Indigenous Groups and Investors Form New Alliance to Protect Heritage Sites | Indigenous Australians

A new alliance of powerful investors and Aboriginal heritage organizations has been formed in the wake of Rio Tinto’s destruction of the Juukan Gorge, to ensure that such a disaster “does not happen again”.

The Dhawura Ngilan collaboration says it will closely monitor mining companies from now on, recognizing that protecting Indigenous cultural heritage is the responsibility of all Australians, including the finance and business sectors.

“We have witnessed a backlash from national and global investors to the Juukan Gorge disaster, demonstrating that First Nations cultural heritage is both a moral issue and a significant financial risk,” said Estelle Parker of the Responsible Investment Association Australasia (RIAA) and partner of Dhawura Ngilan. , alongside the UN Global Compact Network Australia.

Another major partner is the Hesta retirement pension. The fund, which manages $ 52 billion on behalf of more than 870,000 Australians and is an institutional investor in Rio Tinto, has long been critical of the way the mining giant has acted at Juukan Gorge.

“What we were able to do through the flashpoint that was Juukan Gorge is say, it’s a risk to the way you do business,” said Mary Delahunty, head of the impact of Hesta superannuation.

“I feel like we should have seen this had it not been for the Gorge incident, but I am so happy that it is now brought to the attention of investors and that we will never shy away from this type of business practice again. “she said.

Delahunty criticized the new Western Australian Aboriginal Cultural Heritage Bill, which sought to replace outdated legislation that allowed Rio Tinto to destroy a 46,000-year-old cultural site at Juukan Gorge, considered to have the highest archaeological significance in Australia.

Rio obtained ministerial consent to destroy or damage Western Australian government sites under that state’s Aboriginal Heritage Act in 2013, but said it had not reconsidered the deal in light new information from the 2014 archaeological excavations.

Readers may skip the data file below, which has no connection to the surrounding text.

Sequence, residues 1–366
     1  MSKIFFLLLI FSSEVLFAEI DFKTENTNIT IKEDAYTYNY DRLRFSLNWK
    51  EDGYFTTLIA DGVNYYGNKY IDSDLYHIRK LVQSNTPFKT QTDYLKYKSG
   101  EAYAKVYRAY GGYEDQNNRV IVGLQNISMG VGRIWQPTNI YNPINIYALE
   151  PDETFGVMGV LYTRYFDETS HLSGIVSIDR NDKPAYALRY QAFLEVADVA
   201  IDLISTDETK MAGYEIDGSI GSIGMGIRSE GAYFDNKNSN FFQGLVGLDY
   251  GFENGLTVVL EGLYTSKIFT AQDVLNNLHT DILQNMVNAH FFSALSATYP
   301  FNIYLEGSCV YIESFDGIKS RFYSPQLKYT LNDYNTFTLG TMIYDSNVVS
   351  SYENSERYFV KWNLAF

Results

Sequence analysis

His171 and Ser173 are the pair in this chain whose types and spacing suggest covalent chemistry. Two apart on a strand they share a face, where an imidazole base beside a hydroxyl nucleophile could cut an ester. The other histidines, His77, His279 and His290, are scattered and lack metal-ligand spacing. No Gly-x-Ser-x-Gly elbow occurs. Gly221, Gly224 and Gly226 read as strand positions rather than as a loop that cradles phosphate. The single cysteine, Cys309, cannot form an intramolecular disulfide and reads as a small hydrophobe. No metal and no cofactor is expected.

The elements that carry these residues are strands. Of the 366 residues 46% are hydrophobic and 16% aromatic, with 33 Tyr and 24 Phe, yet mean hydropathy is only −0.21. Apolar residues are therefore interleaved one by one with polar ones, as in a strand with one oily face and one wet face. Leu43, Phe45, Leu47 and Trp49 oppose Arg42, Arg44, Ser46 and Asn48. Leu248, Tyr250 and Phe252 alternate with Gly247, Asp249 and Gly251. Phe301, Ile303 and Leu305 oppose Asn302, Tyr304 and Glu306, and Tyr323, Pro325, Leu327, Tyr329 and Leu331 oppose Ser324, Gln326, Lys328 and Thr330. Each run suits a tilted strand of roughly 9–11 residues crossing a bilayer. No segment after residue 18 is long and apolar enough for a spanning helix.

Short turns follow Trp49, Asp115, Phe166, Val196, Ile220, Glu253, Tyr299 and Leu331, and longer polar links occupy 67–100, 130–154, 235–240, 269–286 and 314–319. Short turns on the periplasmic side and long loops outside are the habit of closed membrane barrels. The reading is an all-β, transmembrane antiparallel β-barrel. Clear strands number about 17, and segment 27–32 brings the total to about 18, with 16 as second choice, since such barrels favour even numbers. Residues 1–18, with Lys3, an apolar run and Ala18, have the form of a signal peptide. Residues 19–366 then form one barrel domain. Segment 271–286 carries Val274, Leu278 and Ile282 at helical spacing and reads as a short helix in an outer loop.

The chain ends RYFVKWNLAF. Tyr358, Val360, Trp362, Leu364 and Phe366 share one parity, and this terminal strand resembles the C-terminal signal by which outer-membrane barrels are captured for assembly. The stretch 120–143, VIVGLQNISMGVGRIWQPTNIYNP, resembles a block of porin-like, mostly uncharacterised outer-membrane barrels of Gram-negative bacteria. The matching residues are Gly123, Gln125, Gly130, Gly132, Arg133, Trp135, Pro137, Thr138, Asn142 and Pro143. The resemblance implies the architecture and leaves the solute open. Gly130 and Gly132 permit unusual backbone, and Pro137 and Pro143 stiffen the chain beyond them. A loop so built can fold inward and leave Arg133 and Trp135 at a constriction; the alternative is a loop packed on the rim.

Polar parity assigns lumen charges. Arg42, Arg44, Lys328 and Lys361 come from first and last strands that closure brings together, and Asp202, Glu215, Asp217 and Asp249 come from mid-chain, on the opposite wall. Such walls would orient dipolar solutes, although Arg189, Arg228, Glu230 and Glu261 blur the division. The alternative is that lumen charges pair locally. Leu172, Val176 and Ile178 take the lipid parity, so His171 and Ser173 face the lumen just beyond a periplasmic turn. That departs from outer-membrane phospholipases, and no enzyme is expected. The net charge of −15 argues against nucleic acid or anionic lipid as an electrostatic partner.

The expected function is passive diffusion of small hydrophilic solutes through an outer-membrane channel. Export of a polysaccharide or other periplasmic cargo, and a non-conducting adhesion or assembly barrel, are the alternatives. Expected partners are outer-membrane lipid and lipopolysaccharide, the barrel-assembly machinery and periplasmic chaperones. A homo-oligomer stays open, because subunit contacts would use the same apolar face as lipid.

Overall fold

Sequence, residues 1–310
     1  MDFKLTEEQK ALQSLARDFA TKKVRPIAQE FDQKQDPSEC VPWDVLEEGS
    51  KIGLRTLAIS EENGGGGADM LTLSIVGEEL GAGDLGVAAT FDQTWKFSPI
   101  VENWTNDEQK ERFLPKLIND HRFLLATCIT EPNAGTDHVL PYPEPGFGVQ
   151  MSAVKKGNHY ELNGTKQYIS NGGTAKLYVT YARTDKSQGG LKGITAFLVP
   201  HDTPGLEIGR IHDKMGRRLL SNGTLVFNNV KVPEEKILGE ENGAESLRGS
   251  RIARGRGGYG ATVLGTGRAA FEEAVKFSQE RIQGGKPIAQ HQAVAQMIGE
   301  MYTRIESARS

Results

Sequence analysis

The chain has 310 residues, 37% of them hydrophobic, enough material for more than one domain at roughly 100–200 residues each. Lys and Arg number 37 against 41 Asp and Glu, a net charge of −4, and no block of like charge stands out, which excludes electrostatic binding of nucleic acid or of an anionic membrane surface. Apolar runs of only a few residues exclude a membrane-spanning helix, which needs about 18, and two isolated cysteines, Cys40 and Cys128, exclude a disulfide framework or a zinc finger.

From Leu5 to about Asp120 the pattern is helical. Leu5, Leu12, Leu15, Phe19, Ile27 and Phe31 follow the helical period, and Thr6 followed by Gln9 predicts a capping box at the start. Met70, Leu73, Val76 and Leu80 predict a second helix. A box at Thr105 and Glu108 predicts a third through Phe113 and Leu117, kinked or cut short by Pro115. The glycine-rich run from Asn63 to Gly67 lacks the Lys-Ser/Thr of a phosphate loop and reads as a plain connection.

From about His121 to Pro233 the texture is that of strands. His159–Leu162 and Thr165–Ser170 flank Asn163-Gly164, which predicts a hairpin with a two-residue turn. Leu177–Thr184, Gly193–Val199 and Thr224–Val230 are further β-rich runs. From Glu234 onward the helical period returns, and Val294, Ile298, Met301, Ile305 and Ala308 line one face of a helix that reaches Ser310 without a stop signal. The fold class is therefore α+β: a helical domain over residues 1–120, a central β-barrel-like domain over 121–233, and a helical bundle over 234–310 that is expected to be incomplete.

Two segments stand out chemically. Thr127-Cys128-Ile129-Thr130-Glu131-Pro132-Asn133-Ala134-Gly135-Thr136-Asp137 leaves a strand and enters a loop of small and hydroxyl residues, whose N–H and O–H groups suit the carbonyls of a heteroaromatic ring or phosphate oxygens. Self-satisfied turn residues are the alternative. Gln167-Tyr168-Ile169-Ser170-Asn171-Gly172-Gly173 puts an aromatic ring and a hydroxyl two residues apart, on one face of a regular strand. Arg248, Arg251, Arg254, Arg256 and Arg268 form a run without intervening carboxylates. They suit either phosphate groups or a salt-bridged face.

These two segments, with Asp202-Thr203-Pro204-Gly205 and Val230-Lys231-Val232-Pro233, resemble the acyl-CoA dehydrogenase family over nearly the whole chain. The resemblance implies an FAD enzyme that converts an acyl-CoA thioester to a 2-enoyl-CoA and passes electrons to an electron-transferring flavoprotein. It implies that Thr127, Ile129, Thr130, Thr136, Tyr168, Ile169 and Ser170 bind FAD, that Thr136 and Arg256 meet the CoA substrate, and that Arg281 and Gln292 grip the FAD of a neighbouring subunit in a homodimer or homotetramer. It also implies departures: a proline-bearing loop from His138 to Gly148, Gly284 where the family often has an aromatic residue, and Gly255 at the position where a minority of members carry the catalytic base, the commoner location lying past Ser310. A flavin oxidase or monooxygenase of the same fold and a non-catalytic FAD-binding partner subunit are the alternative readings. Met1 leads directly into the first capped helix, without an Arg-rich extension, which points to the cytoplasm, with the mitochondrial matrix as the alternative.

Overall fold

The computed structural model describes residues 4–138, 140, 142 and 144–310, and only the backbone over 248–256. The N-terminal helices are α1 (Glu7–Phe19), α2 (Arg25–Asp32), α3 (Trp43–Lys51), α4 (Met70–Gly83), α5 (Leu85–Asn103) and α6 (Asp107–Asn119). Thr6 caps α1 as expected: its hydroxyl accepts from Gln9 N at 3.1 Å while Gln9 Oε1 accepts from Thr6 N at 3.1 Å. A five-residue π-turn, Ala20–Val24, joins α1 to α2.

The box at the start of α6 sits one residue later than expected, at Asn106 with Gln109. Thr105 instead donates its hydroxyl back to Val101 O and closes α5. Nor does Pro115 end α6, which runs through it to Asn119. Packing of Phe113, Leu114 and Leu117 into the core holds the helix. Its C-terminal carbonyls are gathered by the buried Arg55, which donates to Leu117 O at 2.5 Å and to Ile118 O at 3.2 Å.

The explosion led to an international shareholder revolt, cost three senior Rio executives the job, and sparked a federal parliamentary inquiry.

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The Western Australian government has spent the last year consulting on the new bill, but traditional owners say it doesn’t offer them greater protections than before.

“We have seen and considered all of the submissions that have been made to this particular bill and have had lengthy conversations with the traditional owners about their concerns,” Delahunty said, saying the bill “does not represent the best to train “.

“At a minimum, policymakers should probably stop and consult more and seek to fill some of these gaps or we really risk losing the chance to do it right.”

Delahunty said part of the work ahead is to help investors understand how to support the free, prior and informed consent of traditional owners in their dealings with mining companies.

“I think investors get to this point, that when you’re looking to do business on land, with people who are the stewards of that land, they’re not just stakeholders. And this elevation of indigenous title holders in decision-making, which should be reflected in the Western Australian bill, in fact means that they have more consideration than any other actor in management and protection. or destruction and disturbance of culture. “

First Nations Heritage Protection Alliance Co-Chairs Kado Muir and Anne Dennis said the “immense burden” of pursuing social, cultural and environmental rights has fallen on land boards and indigenous property organizations under different legislative regimes. , and they welcomed a new national approach.

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Photograph: Tim Robberts / Stone RF

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Rodney Carter, Victorian Aboriginal Heritage Council and CEO of the Dja Dja Wurrung Clans, said: “Every day there are sacred places, cultural places, places of healing that are being destroyed because of our Indigenous cultural heritage legislation. enables managed destruction.

“We need to take care of our culture and our heritage, not just for the benefit of our own crowd, but for all who visit our countries,” Carter said.

The federal investigation into the Juukan Gorge disaster was due to submit its final report to parliament next week.

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